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Chicago Blackhawks using veteran guile against young Ducks

CHICAGO - When Blackhawks defenseman Kimmo Timonen made his NHL debut in 1998, Ducks defenseman Hampus Lindholm was 4 years old.

It is part of an intriguing mix of youth and experience in the Western Conference finals as the Blackhawks visit the Ducks today.

The Blackhawks are the oldest and most seasoned team remaining in the NHL playoffs, according to STATS, with an average age as of Friday of 29 years, 205 days among their players with at least one appearance in the 2015 postseason. They also lead the way with 1,706 career playoff games for the same group, compared to 692 for the Ducks.

"We like to think that it's going to help us," Chicago forward Patrick Sharp said, "and it's helped us to this point. A lot of ups and downs throughout the season, but we've seemed to come together at the right time and then play our best hockey.

"Sometimes that youth can help you this time of year. You know they got some fast players, some guys that are playing really well the first or second time through the playoffs. So it's however you want to use it. We like the experience on our side. Hopefully we can use it to our advantage."

The Blackhawks are in the conference finals for the third straight season and fifth time in seven years. They won the Stanley Cup in 2010 and 2013.

Timonen, 40, who was acquired in a February trade with Philadelphia, is the oldest player still in the postseason. He could take on a more prominent role against the Ducks after Michal Rozsival broke his left ankle against Minnesota.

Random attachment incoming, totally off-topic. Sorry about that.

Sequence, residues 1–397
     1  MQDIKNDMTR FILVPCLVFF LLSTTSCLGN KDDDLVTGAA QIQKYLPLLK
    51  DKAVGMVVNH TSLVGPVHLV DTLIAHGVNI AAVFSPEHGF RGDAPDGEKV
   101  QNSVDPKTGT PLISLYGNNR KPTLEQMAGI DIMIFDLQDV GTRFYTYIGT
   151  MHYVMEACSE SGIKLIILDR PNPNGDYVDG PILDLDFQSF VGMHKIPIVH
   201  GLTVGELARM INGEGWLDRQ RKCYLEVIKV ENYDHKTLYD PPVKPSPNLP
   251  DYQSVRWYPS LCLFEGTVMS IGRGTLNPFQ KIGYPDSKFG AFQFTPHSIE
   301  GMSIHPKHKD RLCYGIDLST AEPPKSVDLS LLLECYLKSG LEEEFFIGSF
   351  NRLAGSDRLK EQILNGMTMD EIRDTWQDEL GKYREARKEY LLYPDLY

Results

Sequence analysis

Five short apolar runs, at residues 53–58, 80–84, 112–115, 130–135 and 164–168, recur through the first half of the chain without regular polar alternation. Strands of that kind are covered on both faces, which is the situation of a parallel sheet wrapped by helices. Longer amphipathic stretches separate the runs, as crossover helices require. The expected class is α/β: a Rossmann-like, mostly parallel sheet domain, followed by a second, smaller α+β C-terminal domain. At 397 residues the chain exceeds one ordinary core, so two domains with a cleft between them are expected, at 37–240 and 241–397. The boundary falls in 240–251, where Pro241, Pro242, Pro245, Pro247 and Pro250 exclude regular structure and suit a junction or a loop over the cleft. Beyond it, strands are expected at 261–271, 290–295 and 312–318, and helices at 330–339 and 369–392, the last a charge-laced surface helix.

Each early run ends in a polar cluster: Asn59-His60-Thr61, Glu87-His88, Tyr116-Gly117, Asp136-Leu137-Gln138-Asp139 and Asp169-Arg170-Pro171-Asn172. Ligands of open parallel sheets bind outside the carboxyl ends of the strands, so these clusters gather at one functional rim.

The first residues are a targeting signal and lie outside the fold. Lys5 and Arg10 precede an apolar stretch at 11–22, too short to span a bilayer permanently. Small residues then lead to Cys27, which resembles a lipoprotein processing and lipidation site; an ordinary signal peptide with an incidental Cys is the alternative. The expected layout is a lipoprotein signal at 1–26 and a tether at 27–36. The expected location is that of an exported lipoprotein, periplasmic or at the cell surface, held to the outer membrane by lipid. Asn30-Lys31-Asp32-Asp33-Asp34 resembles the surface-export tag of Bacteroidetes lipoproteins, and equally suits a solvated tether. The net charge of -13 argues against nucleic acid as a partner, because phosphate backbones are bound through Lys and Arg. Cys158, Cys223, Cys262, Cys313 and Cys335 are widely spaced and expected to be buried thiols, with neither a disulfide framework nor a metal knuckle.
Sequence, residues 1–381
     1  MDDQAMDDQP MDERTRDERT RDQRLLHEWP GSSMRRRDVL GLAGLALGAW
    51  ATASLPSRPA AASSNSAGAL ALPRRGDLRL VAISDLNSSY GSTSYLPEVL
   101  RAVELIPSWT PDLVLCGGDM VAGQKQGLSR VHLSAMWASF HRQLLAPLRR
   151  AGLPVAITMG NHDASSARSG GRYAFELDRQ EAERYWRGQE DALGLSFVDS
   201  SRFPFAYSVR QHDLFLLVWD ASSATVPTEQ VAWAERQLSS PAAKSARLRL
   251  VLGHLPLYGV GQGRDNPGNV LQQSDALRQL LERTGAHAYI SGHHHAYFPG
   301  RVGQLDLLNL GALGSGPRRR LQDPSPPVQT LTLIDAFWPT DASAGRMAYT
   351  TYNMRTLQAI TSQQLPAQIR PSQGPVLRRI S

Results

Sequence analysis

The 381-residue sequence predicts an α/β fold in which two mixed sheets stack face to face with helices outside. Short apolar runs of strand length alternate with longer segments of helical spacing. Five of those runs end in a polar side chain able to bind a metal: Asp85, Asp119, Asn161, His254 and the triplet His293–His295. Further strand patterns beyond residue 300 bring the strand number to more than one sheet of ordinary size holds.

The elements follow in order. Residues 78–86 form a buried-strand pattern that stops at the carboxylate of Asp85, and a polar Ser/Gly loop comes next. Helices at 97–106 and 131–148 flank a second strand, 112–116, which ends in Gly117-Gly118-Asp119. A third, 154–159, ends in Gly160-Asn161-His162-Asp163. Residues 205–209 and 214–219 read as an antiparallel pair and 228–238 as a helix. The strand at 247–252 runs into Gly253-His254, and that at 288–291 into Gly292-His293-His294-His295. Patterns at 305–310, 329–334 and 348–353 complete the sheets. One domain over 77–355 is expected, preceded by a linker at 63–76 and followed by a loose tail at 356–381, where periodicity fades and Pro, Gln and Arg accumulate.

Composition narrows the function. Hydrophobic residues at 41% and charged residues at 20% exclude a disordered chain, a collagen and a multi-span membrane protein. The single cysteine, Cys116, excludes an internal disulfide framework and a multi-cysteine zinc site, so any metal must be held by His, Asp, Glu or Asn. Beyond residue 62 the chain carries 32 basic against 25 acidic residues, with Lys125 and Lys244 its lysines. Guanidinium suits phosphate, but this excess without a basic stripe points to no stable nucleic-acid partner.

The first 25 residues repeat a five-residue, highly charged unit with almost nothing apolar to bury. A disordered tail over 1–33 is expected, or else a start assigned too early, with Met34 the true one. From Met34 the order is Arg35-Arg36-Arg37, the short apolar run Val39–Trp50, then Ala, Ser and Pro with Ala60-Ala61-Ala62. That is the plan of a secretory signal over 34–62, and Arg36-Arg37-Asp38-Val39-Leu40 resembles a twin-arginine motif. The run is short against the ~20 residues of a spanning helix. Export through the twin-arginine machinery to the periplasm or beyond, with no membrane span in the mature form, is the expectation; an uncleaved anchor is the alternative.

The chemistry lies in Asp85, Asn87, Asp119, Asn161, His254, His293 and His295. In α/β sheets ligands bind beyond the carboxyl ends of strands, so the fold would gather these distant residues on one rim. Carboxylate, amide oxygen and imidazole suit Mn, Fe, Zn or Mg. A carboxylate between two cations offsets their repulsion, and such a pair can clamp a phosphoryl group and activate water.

With 97 career postseason appearances, Timonen fits right in with a group that has seen it all.

"I think at the end of the day when you talk about our experience we have in this room, I think that means the most when you get in tough situations," Chicago captain Jonathan Toews said, "whether you're down a couple goals in a game or you might be down a game or two in the series, regardless of the situation that you don't want to be in, we find ways to stay alive and to creep back into the position that we want to be in."

Timonen's situation can also show the downside of experience, with his long career exacting a toll on his legs. The speedy Ducks, who have a fleet of athletic 20-somethings spread throughout their lines and defense, could attack Timonen when he takes the ice.

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